As BMW Motorrad continues its 90th anniversary celebrations, not many people could have predicted just how popular its older models have become within the custom and café-racer community. Once the preserve of American V-twin or classic British bikes, a new interest in BMW boxer-powered ‘specials’ was very much in evidence at the recent Glemseck 101 sprint event, where an international collection of motorcyclists gathered to show off the looks and performance of their machines, listen to rock n’ roll and just talk bikes.
You don’t have to be dressed in black leather, adorned with tattoos and wear your hear slicked back to be part of the café-racer scene, although it helps! All you need is an artful appreciation of great looking, unique motorcycles and a love of the speed, smells and noise that accompanies riders whose machines often run on open pipes and tyre-smoking rubber.
In Germany, this scene would probably have been described as a sub-culture just a few years ago, but many riders are now actively part of this lifestyle, which includes owners of all kinds of motorcycles and celebrates the rich heritage, passion for design and engineering, and love of great-looking powered two-wheelers.
The Glemseck 101 event takes place on a closed road near Stuttgart every year. In fact, it’s actually on part of the legendary Solitude racetrack that used to see huge attendances for the motorcycle and car Grands Prix that took place there from the early 1900s up until the mid 1960s. This annual café-racer sprint event attracts bikers and independent custom builders from all over the world, all keen to see unique motorcycles compete in drag races, one-on-one, on the same stretch of asphalt that many of the Grand Prix greats used to race on, all those years ago.
This year – more than any other – an increasing number of BMW café-racers were visible, not only in the bike parks, but also in the sprint competition itself. This international event attracted a strong manufacturer presence but also all the important independent custom garages, whose bike builders are responsible for some of the most awe-inspiring creations on two wheels. Among these well-known customizers and tuners such as Walz, JVB, Kaffeemaschine and Kingston Customs, were a breed of bike artists that have built their businesses purely focussing on BMWs. These included Urban Motors, Krautmotors and Spanish builders ‘Fuel’, who displayed some of their unique boxer-powered creations.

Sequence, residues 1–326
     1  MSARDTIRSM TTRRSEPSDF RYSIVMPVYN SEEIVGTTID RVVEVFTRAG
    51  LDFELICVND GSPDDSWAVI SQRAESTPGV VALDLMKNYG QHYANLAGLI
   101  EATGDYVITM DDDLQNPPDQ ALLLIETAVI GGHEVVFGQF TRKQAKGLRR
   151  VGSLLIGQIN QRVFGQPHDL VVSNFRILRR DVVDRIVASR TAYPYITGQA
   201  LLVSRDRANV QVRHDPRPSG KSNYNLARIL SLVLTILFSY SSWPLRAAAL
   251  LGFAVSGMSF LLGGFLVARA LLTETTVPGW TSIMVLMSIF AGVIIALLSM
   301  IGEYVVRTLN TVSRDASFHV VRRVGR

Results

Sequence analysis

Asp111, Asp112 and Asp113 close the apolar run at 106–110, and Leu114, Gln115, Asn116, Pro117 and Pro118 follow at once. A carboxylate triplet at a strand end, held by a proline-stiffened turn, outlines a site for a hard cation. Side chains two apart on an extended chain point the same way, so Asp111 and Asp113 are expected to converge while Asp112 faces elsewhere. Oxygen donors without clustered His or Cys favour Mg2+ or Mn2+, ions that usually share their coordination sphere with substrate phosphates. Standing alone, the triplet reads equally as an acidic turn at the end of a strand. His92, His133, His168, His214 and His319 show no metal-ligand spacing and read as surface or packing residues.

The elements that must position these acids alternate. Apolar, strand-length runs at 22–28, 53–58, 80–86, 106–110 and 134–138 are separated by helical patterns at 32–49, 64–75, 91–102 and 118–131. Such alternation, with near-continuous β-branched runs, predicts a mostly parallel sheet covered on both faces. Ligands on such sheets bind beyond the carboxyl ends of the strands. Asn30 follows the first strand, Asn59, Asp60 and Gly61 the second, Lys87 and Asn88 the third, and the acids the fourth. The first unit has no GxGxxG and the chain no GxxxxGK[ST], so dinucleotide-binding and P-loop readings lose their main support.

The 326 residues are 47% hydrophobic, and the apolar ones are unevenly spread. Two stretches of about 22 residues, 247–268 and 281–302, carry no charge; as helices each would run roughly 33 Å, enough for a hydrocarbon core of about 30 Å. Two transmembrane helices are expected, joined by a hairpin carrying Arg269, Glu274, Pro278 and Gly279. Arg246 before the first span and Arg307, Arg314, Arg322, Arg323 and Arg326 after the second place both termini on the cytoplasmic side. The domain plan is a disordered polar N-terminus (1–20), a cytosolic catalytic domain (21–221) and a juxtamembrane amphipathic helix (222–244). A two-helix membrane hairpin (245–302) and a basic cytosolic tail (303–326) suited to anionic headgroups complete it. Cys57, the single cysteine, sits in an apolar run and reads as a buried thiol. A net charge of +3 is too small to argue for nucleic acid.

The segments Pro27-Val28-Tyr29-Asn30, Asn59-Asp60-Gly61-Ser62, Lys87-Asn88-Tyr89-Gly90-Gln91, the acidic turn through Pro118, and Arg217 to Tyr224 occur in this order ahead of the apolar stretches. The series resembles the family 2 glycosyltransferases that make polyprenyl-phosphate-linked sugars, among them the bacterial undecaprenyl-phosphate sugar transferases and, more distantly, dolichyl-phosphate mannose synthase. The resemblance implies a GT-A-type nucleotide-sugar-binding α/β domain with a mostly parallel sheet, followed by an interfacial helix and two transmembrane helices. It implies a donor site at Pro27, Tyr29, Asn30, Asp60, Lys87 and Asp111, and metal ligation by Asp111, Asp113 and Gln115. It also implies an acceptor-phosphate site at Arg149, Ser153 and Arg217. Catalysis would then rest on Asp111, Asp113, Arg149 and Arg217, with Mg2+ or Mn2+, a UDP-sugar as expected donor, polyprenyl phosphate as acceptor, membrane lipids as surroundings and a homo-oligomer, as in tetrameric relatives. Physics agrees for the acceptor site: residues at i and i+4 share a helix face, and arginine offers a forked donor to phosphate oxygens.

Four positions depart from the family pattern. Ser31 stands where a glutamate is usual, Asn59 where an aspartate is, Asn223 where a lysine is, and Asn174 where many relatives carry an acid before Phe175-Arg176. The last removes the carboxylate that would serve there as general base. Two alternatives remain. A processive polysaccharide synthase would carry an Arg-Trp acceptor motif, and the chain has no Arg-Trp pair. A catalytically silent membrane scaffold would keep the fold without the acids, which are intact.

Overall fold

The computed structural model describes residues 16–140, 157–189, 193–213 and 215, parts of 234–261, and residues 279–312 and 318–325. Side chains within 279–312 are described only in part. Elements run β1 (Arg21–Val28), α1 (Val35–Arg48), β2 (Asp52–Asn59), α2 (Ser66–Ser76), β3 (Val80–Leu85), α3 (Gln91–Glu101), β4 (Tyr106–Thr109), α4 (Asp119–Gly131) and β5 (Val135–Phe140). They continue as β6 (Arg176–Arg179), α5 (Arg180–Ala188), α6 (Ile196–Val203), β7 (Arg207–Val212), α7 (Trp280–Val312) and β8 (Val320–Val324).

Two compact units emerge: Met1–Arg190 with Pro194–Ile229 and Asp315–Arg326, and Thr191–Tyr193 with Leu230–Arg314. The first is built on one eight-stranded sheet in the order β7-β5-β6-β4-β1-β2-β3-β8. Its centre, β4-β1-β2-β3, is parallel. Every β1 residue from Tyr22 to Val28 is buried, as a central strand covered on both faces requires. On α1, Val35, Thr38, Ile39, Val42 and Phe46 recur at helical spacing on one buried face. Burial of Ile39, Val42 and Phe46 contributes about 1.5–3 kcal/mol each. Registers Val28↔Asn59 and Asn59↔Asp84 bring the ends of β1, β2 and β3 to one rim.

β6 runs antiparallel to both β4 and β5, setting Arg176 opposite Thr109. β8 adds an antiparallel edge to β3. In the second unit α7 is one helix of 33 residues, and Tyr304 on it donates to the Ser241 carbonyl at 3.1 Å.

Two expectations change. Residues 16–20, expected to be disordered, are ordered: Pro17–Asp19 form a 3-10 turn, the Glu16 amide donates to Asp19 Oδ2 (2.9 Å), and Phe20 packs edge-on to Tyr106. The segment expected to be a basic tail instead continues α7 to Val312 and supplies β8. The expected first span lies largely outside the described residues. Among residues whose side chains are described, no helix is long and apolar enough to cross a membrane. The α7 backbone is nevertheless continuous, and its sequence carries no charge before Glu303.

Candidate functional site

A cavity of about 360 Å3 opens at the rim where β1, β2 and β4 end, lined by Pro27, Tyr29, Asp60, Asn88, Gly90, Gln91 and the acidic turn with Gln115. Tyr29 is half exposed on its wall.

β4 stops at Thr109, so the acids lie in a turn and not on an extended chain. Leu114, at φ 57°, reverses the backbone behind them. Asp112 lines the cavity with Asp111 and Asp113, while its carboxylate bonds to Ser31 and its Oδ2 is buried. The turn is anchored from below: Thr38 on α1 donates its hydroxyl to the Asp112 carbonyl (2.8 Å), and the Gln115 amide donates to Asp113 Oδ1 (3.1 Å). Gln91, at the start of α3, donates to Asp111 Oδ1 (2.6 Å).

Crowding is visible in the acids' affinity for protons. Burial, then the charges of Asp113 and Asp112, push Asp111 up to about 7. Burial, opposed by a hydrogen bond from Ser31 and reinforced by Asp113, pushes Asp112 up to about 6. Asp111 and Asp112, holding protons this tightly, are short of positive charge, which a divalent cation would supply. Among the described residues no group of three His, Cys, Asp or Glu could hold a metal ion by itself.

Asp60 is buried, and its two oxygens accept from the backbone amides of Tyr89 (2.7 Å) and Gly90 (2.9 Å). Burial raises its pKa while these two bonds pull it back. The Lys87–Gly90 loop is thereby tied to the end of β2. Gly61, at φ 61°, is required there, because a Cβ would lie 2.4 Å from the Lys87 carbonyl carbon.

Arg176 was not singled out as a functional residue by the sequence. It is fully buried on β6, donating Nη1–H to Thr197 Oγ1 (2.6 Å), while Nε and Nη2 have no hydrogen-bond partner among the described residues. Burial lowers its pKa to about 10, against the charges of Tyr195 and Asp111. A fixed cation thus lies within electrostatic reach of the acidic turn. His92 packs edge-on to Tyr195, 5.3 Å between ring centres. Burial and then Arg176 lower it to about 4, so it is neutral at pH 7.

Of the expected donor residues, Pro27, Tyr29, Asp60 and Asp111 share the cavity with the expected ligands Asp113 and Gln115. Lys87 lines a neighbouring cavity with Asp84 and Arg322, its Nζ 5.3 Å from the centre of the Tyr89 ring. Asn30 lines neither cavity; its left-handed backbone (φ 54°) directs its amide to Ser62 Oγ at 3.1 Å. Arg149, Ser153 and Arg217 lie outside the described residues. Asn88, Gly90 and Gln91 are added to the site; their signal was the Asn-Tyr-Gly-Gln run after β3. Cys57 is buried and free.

It wasn’t that long ago that it would have been a rarity to see a classic two-valve custom boxer taking part in an event such as the Glemseck 101, even if the bike parks adjoining the racetrack were already crammed full of BMWs. However, because of their reliability and affordable prices, these boxer models are a really good – and popular – starting point to create good-looking and great performing custom bikes.
This year though, in addition to the many Beemers on display, there was also a selection of BMW boxers among the 32 machines actually taking part in the sprint competition. These included an R75 WH Bobber built by Rolf Reick of Krautmotors; a BMW Scrambler built by Georg ‘Schorsch’ Bayer; an ex-police R80 café-racer built by Kevin Hill; an R100 Tracker built by Fuel Bespoke Motorcycles; an R100 BoB 09 built by Stefan Schäfer of 180 Grad Classic Motorcycles; and two bikes built by Edelweiss Motorsport – and piloted by legendary R90S racer Steve McLaughlin, and the bikes’ builder Dirk Scheffer.
BMW Motorrad Germany also set up an impressive display stand with classic racers and bikes from the museum, as well as current models. Two marvellous machines from BMW Classic were on display – an R5 and an RS254 – as well as two powerful racers from Edelweiss Motorsport.
At an event of this stature, it was only fitting that the BMW Concept Ninety put in an appearance. This unique café-racer, built in conjunction with California-based custom bike builder Roland Sands, has received heaps of praise wherever it has been shown. The Concept Ninety is special in that it is not only a pure show bike but also a true running café-racer, so was a big attraction on the stand as well as on the drag strip.
BMW design guru Ola Stenegard was on hand to present the Concept Ninety, along with Steve McLaughlin, who is best known in the BMW community for winning the first AMA Superbike race at Daytona on a BMW R90S. Also present was Matthias Runde from BMW Motorrad’s Product Management department. He is a real café-racer enthusiast who was instrumental in bring the first ever Boxer Sprint to BMW Motorrad Days in Garmisch-Partenkirchen earlier this year.
With the BMW Motorrad marquee displaying some unique historic models, the sprint racing community got to see a selection of the best of the new and older sides to the brand as it celebrates nine decades of success on two wheels. Among the thousands of fans of this heritage custom and café-racing scene, BMW riders were welcomed with open arms, as the pictures prove!